We had a small food blog for a while but figured out that we preferred the creating part more than the promotion. We could also see that there are so many aspects to food blogging that it's difficult for one person to do it all. So we switched our focus to creating content for others instead. This allows us to help busy food bloggers by taking something off their plate so that they can focus on the aspects of growing their business that only they can do. We like to eat well, and Jim has a high need for novelty in his daily fare. We decided that this was a way for us to help other bloggers while building a business of our own - and one that allows us to work a schedule that fits with the other demands on our life (we've both got elderly parents we help see to) without us being tied to a computer all day every day. The work flexes around our life rather than dominating it.
One of the primary frustrations that I hear from male bloggers is that it is so challenging to create fresh content all the time as well as maintaining a site and all the other responsibilities.
It works really well if you have a partner. Our situation is like most people, we each have strengths and we divide tasks accordingly. Jim is the techie behind the scenes and in the kitchen and Shelley handles the social media and marketing aspects of our business. Content development can be laborious, but we have to eat, Jim can't make a dish the same way twice, and content evolves from that. Lots of experiments may taste good but are dismal photographically; what you see in our shop is the end product of sometimes several attempts. Content development can become onerous and is why we have a business providing quality recipes and photographs to food bloggers. Our business fits with who we are and where we are.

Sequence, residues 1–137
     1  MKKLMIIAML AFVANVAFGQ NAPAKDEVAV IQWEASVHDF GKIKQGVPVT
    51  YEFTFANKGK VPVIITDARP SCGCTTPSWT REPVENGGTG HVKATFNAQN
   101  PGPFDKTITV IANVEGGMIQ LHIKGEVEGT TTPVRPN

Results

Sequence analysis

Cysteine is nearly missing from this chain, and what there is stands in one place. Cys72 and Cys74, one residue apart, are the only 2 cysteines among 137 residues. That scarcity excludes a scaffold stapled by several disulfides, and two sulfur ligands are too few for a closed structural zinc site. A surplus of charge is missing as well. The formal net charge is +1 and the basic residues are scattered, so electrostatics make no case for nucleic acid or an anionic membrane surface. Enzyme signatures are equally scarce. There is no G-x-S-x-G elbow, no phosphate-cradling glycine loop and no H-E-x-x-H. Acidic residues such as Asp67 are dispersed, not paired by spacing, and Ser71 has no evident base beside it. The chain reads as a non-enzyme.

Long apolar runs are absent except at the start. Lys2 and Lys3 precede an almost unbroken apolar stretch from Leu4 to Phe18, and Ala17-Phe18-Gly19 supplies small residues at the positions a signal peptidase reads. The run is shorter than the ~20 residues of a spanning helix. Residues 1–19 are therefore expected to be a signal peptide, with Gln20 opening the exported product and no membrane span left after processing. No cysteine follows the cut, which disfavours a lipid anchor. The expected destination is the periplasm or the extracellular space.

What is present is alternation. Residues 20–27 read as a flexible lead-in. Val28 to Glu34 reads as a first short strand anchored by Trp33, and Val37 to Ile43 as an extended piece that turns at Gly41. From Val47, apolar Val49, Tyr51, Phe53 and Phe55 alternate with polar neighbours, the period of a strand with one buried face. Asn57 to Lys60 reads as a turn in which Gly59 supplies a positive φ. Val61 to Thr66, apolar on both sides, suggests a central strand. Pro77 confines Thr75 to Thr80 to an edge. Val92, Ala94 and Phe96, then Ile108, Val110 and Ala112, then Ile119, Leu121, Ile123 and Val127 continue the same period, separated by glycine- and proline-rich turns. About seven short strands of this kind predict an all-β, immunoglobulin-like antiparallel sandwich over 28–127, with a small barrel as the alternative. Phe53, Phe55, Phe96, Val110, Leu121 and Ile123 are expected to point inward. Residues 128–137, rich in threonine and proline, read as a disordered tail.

What's the best way to use content like you offer to help make that easier?
One thing we know for sure is that food blogging is a lot of work and often there aren't enough hours in the day to get it all done. Our products are meant to help food bloggers save some time that they can use to work ON their business rather than just IN the business. So we provide a turnkey product to our customers to help them do just that. The images are high resolution and can be edited to suit the blogger/purchaser - or they can be used as is. The recipes are written with clear instructions and embedded tips to make it easy for the blogger to adapt our product to their needs.
What's your favorite recipe?
Shelley likes chicken and dumplings, Jim enjoys steaks barbecued over a charcoal/hickory chip fire.
Husband and wife teams can be challenging, what are some tips you can offer to help other husband and wife blogger teams have success?